Eight schools were set to close on Thursday as part of a one-day national teachers’ strike affecting millions of children.
Five primary schools and three secondary schools in the area say they were unable to open at all due to low staffing levels caused by a 24-hour walkout by two teaching unions.
The National Union of Teachers (NUT) and Association of Teachers and Lecturers (ATL) are protesting over proposed changes to their pensions which will mean working longer, paying more and receiving less when they retire. But the government says that changes are necessary.
Job centres and courts were also expected to be hit as public sector workers across the UK staged a 24-hour strike.
The following schools confirmed they would be closed on Thursday: Mount Carmel Roman Catholic School, Peel Park Primary School, St Mary Magdalen’s Church of England Primary School, Oswaldtwistle Moor End Community Primary School, Rhyddings Business and Enterprise School, Norden High School and Sports College, St Charles¿RC Primary, Rishton and St Wulstan’s in Great Harwood.
Lancashire County Coun Susie Charles, Cabinet Member for Children and Schools, said the county was doing everything possible to support schools.
She said: "The county council will, of course, offer support and advice about matters such as risk assessments and teacher-pupil ratios, but these are routine issues for schools and it will be for headteachers to make their own decisions based on staffing numbers."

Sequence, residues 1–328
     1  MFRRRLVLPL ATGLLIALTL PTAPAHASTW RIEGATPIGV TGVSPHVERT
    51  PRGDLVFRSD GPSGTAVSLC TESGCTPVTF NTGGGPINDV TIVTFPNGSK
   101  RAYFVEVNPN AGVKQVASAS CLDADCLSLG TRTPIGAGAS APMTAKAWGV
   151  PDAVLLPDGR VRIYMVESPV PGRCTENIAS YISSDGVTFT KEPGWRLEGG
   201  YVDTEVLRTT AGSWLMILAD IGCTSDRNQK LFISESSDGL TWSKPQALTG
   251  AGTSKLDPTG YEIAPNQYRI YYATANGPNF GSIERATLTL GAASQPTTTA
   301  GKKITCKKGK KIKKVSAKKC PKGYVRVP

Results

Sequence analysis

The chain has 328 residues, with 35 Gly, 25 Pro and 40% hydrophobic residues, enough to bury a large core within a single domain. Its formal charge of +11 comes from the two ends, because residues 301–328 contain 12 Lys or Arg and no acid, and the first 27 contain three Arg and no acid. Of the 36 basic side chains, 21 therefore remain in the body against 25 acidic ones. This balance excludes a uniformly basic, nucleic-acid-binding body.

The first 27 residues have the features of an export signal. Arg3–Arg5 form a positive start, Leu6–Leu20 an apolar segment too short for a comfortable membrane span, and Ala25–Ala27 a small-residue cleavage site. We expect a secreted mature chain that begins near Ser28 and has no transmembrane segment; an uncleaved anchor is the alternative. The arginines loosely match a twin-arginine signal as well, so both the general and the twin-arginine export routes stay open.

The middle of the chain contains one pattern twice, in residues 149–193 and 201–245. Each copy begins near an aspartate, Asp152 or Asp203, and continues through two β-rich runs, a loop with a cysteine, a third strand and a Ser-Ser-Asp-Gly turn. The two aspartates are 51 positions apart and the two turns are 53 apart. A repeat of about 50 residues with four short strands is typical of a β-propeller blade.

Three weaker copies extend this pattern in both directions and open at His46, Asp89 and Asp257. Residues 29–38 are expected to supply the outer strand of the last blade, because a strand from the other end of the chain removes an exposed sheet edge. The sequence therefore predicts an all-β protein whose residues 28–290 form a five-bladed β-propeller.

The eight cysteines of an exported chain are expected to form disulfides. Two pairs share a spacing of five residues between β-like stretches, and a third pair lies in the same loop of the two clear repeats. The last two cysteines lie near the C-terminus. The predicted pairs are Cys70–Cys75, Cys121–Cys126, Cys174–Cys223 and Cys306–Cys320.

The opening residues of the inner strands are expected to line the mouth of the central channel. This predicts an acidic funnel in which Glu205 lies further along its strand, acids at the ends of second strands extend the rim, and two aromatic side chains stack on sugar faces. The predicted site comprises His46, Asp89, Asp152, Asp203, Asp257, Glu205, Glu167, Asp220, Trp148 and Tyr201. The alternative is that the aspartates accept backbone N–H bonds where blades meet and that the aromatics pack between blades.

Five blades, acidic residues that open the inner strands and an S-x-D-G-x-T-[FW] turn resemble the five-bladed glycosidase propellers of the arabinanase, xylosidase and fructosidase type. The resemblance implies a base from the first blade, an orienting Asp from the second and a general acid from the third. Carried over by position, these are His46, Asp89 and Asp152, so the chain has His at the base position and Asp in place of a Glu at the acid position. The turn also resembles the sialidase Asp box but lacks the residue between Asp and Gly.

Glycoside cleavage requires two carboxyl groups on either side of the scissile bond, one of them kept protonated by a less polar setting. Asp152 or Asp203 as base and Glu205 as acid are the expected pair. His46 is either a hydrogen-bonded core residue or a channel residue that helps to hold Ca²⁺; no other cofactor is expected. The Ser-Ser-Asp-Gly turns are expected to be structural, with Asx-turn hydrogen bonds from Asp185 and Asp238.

Some schools were partially opening with some year groups attending and others being told to stay at home.
But Lancashire ATL branch secretary Jim Howarth said the unions were not only trying to protect members but preserve the calibre of education.
He said: "We’re aware this will cause inconvenience to parents and we’re sorry about that.
"But the government is proposing to make significant changes to our pensions with very little consultation. It seems a decision has already been made." He said the move would mean older teachers unable to cope with the demands of a classroom and fewer talented teachers joining the profession.
Education Secretary Michael Gove has described the strikes as ‘premature’ and warned they could damage the reputation of teachers.
The following schools were partially closing: Oswaldtwistle West End Primary School, Green Haworth Church of England Primary School, Hyndburn Park Primary School, Woodnook Primary School, Great Harwood Primary School and Knuzden St Oswald’s Church of England Primary School, Spring Hill Primary in Accrington, St Bartholomew’s in Great Harwood and Sacred Heart RC Primary in Church.